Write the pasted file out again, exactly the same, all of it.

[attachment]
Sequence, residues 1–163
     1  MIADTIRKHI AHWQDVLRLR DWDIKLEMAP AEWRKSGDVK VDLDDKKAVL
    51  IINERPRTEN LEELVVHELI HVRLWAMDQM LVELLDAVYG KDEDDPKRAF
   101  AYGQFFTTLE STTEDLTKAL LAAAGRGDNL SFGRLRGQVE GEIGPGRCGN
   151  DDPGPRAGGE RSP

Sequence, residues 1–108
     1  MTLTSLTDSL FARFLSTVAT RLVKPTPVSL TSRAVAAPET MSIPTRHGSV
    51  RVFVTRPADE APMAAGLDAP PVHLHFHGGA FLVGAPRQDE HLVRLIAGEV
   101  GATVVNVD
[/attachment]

Sequence, residues 1–163
     1  MIADTIRKHI AHWQDVLRLR DWDIKLEMAP AEWRKSGDVK VDLDDKKAVL
    51  IINERPRTEN LEELVVHELI HVRLWAMDQM LVELLDAVYG KDEDDPKRAF
   101  AYGQFFTTLE STTEDLTKAL LAAAGRGDNL SFGRLRGQVE GEIGPGRCGN
   151  DDPGPRAGGE RSP

Sequence, residues 1–108
     1  MTLTSLTDSL FARFLSTVAT RLVKPTPVSL TSRAVAAPET MSIPTRHGSV
    51  RVFVTRPADE APMAAGLDAP PVHLHFHGGA FLVGAPRQDE HLVRLIAGEV
   101  GATVVNVD